by Carlo Longino

Magazines Want To Cash In On Web Video, Too

from the it's-more-fun-with-moving-pictures dept

While newspapers flounder as they try to figure this whole internet thing out, magazines have been slightly more adept. Now, there's apparently growing interest among magazine publishers to try and cash in on the web video craze by rolling out their own video content -- but it's not driven by a desire to offer users better content, but rather simply to provide video inventory to sell to advertisers. It's almost as if these sites are assuming that because something like YouTube is popular, there's a great untapped demand among the online audience for any sort of web video, and they'll be able to capitalize on it by offering up any old content, as long as it's moving pictures. However, the rise of YouTube and other video sites simply means there's more competition for users' attention, so magazines will have to ensure that their video content is actually compelling enough to attract viewers and hold their interest. While some publications are devoting significant resources to video, others are just issuing cameras and microphones to their reporters, who often have no background in broadcast media. The assumption seems to be that video instantly makes a story more interesting, but that's not necessarily the case, particularly if it's not executed well. It's all well and good that magazines are trying to expand their online operations, but just throwing content out there solely as a vehicle with which to move ads, with little consideration of what it offers the audience, isn't a sound strategy.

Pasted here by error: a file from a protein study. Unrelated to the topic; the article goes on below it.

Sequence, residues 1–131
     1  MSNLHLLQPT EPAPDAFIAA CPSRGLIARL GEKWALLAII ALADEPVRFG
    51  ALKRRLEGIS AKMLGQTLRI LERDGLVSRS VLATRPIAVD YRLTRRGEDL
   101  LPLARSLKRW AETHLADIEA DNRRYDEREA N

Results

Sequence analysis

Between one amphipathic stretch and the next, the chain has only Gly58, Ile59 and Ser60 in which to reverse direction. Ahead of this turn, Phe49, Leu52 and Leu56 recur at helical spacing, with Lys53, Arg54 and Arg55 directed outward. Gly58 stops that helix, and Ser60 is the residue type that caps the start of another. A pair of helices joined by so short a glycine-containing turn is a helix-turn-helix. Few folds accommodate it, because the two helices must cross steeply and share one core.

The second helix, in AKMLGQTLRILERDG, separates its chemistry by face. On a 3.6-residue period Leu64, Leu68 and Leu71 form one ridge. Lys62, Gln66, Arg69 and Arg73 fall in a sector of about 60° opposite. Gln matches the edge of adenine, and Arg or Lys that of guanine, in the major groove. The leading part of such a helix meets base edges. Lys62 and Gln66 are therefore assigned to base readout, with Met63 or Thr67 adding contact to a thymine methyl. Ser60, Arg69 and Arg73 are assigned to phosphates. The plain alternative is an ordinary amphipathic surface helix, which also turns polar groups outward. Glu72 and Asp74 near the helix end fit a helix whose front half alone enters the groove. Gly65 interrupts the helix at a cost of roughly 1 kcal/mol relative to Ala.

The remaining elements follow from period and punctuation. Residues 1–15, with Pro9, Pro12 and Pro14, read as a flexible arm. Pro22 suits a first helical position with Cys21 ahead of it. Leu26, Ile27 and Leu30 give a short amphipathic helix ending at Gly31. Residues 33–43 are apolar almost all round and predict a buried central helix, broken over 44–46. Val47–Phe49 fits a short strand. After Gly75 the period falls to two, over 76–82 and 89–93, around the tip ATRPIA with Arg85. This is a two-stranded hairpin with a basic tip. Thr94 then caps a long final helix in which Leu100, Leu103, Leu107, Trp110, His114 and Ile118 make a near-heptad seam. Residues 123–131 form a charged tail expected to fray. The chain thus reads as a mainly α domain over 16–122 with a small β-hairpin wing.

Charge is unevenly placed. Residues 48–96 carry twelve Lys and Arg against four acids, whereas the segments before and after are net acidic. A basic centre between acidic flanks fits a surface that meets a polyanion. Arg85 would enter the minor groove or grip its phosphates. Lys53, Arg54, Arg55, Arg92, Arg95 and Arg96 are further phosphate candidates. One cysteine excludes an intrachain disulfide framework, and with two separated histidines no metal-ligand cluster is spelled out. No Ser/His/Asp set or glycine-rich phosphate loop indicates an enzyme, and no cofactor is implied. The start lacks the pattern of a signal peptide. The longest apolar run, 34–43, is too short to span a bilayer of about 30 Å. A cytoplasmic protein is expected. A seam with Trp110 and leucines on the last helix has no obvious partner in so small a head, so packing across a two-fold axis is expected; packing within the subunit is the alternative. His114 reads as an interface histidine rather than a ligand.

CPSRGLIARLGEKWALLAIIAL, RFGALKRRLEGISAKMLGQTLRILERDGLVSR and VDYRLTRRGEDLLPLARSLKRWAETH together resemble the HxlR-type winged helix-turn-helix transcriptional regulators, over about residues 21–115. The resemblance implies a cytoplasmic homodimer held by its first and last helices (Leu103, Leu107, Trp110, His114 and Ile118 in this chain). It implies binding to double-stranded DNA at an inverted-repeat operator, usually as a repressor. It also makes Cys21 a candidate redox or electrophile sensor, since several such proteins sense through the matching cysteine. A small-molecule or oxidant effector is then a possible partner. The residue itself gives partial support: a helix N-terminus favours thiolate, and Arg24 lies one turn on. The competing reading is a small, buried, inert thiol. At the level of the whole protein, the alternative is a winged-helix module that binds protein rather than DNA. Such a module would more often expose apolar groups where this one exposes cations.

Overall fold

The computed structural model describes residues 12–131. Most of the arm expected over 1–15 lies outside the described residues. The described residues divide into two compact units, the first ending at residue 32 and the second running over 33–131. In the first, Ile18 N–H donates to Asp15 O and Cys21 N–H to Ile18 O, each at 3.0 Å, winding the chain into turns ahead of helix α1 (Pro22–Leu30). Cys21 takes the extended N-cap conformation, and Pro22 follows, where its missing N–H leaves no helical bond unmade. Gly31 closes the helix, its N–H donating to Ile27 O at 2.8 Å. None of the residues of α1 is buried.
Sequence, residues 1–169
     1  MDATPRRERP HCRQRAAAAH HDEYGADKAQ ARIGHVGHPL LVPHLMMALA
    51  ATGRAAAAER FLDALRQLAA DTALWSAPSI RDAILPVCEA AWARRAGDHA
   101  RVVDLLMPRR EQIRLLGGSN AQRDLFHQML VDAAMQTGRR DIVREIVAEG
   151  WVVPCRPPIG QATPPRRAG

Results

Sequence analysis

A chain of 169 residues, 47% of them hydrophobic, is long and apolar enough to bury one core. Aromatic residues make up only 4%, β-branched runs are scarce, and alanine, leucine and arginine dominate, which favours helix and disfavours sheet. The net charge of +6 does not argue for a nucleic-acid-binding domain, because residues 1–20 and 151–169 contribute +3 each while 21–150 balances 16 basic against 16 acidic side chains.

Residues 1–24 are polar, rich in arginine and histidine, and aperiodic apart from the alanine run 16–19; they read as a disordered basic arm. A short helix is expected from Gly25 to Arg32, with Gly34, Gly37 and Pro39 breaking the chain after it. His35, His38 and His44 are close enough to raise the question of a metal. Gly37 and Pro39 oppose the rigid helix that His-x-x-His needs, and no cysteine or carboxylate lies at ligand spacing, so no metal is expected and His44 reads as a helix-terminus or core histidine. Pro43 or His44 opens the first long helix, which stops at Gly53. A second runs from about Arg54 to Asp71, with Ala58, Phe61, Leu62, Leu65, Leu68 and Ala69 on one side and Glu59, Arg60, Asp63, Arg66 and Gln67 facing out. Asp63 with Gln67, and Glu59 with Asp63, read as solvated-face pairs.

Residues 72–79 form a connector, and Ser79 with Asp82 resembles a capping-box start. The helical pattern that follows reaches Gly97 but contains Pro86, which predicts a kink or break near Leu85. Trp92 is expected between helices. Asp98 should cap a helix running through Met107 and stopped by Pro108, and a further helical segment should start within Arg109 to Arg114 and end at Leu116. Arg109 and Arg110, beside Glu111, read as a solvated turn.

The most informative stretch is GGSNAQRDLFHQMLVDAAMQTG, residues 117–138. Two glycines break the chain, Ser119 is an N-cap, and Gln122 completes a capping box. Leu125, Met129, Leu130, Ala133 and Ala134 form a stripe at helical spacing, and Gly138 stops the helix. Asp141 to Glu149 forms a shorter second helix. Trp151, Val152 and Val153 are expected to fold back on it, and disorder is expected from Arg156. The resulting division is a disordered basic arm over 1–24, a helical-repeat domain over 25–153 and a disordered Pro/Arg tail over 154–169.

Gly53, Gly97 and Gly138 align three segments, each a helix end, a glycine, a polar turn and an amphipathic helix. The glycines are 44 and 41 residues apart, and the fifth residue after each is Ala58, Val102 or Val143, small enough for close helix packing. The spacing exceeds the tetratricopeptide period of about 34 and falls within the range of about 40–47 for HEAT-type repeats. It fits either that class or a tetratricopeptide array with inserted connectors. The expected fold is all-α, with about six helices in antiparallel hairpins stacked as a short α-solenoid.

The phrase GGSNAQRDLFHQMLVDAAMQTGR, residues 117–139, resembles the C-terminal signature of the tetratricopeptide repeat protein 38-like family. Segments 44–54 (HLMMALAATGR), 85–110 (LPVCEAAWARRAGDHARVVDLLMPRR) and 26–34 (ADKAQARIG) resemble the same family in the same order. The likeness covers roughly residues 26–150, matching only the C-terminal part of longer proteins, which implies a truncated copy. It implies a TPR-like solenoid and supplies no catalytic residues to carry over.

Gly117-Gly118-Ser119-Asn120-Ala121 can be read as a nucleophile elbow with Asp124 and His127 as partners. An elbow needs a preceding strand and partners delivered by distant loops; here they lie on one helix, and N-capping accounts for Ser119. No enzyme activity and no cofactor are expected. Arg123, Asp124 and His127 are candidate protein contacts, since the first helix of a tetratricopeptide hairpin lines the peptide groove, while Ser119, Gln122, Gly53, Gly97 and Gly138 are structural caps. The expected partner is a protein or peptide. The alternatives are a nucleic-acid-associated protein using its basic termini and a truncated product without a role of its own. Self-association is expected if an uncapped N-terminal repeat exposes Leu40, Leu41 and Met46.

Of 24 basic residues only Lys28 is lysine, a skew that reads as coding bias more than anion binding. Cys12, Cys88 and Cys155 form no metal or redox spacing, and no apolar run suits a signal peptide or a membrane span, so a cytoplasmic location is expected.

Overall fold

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  1. identicon
    Peter, 14 Sep 2006 @ 3:03am

    Quality is everything

    Audio and video for websites is clearly the "next big thing" in website enhancement and content. But Carlo's point is right about quality. Will it enhance or damage mag brands?

    I reckon it's about the way you tell 'em! There are loads of "record it yourself" technologies flooding the marketplace - many of them extremely effective, very clever, low cost and generating massive volumes - YouTube being a very good example. Long may it continue because all of these technologies have a massive contribution to make.

    But when it comes to mag or newspaper websites, I think the rules change. In general terms, they have websites which showcase the written stuff. They'll have spent as much as they can afford in making the design and content reflect their brand. Now they're adding audio and video and it's here that good branding can turn bad.

    I recently saw a Google ad for a piece of web audio technology that said "sound like the professionals in just three minutes". Erm no! Professional voiceovers, scriptwriters and producers are employed for a reason - they are professonals!. Writing for voice, recording and producing audio and video scripts, understanding marketing, brand values, what to say and even how far to stand away from the mic are all essential skills to add to the technology. If you can package the whole thing in one, even better.

    Let's see how long it is before web users start to understand the difference between quality videoto really enhance a website and stuff that's just there because the mags think their visitors/readers will acept anything they put up.

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